Endoscopic Totally Extraperitoneal Repair for Bilateral Inguinal Hernias

INTRODUCTION: The benefits of the laparoscopic approach in inguinal hernia surgery are most evident when performed for bilateral cases. A single surgery to address bilateral pathologies would be practical and cost efficient.

MATERIALS & METHODS: Our single centre series involves a retrospective review of 74 consecutive patients who underwent endoscopic totally extraperitoneal (TEP) repair for bilateral inguinal hernias from 1999 to 2006.

RESULTS: The mean age was 55 years (range 21-86) with males comprising 98.6% of our patients. Laparoscopic repairs were carried out using a flat mesh with an anchoring device in 77% of patients while a multi-fibre polyester anatomic mesh without anchoring was utilized in 23% of cases. On the left, 94.6% of hernias (n=70) were primary while only 4 recurrent. Indirect hernias on the left were identified in 40.5% of patients, direct hernias in 44.6%, and pantaloon hernias comprised 14.9%. On the right, 69 hernias were primary while 5 were recurrent. Indirect hernias were found in 47.3% of patients, direct hernias in 31.1%, and pantaloon hernias in 21.6%. The mean operative time was 88.6 minutes (range: 20-205 min). There were no conversions to open surgery but 2 patients had unilateral recurrences (1 L, 1 R) for a cumulative recurrence rate of 1.45%. Unilateral groin seroma was identified in 5 patients (9.5%) while unilateral hematoma was described in 2 patients (4%). The mean inpatient hospital stay was 1.15 days and 17.6% of cases were performed as outpatient surgery. Mean follow-up time was 26 months with 87.5% patient satisfaction.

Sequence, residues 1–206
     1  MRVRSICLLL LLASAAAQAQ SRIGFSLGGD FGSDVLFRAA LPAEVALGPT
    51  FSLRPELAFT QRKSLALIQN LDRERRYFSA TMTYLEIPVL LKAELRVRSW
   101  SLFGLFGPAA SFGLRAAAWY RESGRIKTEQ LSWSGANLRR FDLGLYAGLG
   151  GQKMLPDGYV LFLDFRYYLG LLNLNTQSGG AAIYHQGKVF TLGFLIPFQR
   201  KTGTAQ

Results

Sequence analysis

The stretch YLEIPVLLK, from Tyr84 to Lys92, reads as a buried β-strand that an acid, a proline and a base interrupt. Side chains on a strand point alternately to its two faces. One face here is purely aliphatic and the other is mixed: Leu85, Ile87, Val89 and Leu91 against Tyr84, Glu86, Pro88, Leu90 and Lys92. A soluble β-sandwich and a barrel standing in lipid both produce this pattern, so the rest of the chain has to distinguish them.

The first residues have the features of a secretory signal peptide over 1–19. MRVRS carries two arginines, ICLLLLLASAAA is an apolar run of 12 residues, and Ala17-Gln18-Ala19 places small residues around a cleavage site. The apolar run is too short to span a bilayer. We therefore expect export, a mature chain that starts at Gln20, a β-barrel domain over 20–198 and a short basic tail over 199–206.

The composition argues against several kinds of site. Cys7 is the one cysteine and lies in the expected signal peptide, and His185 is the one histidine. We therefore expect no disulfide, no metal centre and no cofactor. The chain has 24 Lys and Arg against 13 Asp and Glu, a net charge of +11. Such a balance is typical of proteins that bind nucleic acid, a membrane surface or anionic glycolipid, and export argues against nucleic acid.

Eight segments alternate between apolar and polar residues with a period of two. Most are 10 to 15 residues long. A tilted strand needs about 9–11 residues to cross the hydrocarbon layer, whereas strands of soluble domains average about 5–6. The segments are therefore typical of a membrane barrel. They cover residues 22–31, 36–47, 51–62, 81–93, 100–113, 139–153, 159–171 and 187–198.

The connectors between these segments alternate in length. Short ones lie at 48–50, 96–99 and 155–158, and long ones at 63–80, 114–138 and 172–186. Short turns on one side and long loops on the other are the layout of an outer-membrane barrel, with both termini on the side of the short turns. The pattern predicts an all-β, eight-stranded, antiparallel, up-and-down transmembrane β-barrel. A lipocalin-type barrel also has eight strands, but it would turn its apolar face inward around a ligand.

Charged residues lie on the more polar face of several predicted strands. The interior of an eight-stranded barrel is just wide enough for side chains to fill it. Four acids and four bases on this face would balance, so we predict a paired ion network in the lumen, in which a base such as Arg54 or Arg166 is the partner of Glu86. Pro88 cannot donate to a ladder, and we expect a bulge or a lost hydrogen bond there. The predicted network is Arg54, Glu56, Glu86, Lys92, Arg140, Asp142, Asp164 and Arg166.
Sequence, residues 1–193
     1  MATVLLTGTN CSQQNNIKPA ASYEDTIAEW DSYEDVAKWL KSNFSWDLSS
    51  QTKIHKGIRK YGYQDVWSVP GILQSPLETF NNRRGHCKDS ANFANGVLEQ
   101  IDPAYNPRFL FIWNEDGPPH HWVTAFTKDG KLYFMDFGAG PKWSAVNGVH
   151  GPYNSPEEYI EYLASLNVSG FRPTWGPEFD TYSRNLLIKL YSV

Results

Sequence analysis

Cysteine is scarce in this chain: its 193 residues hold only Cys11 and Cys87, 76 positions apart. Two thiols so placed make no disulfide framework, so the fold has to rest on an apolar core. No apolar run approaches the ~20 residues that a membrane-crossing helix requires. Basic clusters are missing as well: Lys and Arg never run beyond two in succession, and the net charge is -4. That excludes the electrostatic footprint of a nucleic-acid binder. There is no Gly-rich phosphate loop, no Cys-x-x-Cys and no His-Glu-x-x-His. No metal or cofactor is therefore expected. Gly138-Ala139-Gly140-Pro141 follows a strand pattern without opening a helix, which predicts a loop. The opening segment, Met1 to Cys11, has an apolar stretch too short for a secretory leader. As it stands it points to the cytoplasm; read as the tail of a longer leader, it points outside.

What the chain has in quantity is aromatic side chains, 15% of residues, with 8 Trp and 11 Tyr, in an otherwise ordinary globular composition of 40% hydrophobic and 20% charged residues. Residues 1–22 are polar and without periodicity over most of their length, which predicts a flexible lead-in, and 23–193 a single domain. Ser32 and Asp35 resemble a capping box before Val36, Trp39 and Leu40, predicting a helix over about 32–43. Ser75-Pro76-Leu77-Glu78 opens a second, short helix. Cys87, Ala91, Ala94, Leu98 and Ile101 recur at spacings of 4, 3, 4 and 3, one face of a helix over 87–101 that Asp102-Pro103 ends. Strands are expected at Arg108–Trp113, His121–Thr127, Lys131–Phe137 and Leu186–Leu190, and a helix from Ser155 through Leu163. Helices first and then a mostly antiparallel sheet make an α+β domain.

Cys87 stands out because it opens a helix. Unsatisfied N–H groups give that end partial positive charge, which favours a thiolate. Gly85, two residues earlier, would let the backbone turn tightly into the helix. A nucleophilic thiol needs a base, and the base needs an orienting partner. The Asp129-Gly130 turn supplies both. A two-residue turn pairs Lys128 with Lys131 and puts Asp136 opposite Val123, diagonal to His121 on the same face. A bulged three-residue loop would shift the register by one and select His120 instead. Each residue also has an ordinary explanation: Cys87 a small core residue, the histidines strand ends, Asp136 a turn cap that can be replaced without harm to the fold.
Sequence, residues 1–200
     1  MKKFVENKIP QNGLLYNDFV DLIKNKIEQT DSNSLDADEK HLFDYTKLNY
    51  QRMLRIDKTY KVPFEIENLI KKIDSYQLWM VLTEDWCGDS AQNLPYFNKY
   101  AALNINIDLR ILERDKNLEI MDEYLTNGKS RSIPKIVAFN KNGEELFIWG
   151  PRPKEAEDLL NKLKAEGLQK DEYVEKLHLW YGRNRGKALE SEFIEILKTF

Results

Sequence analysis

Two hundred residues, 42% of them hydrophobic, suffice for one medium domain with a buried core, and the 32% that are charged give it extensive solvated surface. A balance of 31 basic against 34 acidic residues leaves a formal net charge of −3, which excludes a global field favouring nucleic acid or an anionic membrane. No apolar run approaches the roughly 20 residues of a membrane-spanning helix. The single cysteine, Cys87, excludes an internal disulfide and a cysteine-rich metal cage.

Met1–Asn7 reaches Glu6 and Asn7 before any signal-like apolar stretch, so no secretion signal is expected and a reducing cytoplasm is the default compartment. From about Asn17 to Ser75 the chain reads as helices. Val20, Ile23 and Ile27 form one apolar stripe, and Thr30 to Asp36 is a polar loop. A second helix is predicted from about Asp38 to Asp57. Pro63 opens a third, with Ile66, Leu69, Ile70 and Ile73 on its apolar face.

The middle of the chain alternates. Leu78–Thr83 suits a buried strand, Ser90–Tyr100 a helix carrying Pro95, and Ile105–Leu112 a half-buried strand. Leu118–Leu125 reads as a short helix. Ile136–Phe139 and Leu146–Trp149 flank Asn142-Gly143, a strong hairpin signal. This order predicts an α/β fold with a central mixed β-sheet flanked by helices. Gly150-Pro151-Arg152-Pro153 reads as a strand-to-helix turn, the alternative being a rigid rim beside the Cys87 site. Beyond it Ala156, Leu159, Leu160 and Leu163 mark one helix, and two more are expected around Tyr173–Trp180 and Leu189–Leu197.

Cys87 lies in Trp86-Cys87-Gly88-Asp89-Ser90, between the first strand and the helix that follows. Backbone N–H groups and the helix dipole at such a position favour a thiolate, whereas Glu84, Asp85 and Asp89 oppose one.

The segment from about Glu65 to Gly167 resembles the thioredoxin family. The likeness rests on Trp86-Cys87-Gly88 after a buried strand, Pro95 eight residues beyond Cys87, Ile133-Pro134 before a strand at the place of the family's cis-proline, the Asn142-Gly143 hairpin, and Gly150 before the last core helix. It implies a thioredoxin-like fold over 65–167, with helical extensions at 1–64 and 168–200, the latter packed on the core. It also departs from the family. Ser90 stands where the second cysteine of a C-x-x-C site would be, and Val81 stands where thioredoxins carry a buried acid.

CONCLUSION: In the hands of experts, laparoscopic approach is widely accepted as a better alternative repair compared to open surgery in bilateral inguinal hernias. Our long standing experience, confirm that TEP hernia repair can be done with a low recurrence rate and high patient satisfaction.


Session: Poster

Program Number: P345

View Poster

« Return to SAGES 2008 abstract archive